Identifying a fixation typically involves identifying a fixation location and a fixation duration. For many purposes a saccade can be treated as simply the displacement magnitude and direction^ between successive fixations, though the changes in velocity do contain information useful for understanding the eye movement more specifically. The saccades may be explicitly identified and entered in the LEVEL 1 memory buffer, or may remain implicit in the fixation information stored in the buffer. Conversely, it will be appreciated that saccade information implicitly contains the relative positions of fixations.

The elementary features, such as saccades, fixations, smooth pursuit motion and blinks, now form the basis for further higher level interpretation. This LEVEL 2 interpretation involves recognizing eye-movement patterns . An eye movement pattern is a collection of several elementary features that satisfies a set of criteria associated with a predetermined eye-movement pattern template. As shown in TABLE IV below, various eye-movement patterns can be recognized at this level of interpretation. Typically, in practice, after each saccade the data is examined to check if it satisfies the criteria for each of the movement patterns .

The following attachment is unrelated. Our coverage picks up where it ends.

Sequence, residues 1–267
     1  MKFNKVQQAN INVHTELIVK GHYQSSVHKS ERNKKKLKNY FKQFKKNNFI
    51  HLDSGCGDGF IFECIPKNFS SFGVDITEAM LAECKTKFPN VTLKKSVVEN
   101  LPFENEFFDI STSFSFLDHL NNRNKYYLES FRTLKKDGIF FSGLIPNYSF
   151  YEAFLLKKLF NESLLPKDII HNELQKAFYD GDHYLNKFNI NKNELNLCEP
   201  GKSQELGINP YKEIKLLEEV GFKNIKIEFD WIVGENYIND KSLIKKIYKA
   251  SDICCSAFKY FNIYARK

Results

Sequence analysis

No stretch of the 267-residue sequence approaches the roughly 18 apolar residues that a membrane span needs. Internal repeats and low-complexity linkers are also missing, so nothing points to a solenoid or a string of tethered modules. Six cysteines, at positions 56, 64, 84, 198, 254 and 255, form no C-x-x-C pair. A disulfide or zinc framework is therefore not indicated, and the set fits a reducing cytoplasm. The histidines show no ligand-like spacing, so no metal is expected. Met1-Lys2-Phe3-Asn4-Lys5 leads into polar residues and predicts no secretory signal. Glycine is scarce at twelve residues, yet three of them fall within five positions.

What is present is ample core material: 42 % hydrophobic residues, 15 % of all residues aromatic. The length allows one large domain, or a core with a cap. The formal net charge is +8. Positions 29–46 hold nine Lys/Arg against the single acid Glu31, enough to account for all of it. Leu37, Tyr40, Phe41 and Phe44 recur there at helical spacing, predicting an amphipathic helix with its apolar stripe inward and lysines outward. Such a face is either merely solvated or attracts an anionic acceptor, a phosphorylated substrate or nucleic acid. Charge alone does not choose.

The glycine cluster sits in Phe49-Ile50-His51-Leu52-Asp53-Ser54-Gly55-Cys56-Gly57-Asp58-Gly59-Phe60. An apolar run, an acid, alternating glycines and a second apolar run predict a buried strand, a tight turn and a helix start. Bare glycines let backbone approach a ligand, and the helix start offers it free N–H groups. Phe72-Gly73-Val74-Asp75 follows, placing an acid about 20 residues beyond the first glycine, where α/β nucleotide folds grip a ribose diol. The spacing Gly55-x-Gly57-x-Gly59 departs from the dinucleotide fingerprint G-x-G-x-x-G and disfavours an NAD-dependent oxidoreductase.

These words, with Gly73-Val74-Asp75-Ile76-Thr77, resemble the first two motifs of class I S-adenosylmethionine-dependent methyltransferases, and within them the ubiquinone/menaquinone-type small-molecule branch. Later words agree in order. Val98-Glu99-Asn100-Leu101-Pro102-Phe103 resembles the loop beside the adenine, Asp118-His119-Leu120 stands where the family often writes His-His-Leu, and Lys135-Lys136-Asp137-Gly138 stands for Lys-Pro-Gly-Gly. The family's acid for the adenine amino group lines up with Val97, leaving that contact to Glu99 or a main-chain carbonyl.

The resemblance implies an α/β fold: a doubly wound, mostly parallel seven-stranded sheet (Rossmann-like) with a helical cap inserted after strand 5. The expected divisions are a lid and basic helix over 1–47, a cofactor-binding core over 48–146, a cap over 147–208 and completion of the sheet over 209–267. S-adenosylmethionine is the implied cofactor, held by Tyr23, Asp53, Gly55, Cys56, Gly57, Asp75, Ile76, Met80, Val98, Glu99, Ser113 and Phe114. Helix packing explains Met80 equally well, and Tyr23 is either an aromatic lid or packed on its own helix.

TABLE IV

LEVEL 2 : EYE-MOVEMENT PATTERN TEMPLATES

Pattern Criteria Revisit The current fixation is within 1.2 degrees of one of the last five fixations, excluding the fixation immediately prior to the current one

Significant A fixation of significantly longer Fixation duration when compared to other fixations in the same category

Vertical Saccade Saccade Y displacement is more than twice saccade X displacement, and X displacement is less than 1 degree

Horizontal Saccade Saccade X displacement is more than twice saccade Y displacement, and Y displacement is less than 1 degree

Short Saccade Run A sequence of short saccades collectively spanning a distance of greater than 4 degrees

Selection Allowed Fixation is presently contained within a region that is known to be selectable

If LEVEL 1 data fits one of the LEVEL 2 eye-movement pattern templates, then that pattern is recognized and a pattern match activation value is determined and stored in a LEVEL 2 memory buffer. The pattern match activation value can be an on/off flag, or a percentage value indicating a degree of match. It should be noted that some LEVEL 2 patterns may have criteria based on LEVEL

0 data, or other LEVEL 2 data. Normally, however, LEVEL 2 pattern templates have criteria based primarily on LEVEL 1 information. It should also be noted that the eye-movement patterns are not mutually exclusive, i.e., the same LEVEL 1 data can simultaneously satisfy the criteria for more than one eye-movement pattern template. This "pandemonium model" approach tolerates ambiguities at lower levels of interpretation, and allows higher levels of interpretation to take greater advantage of the all the information present in the lower levels .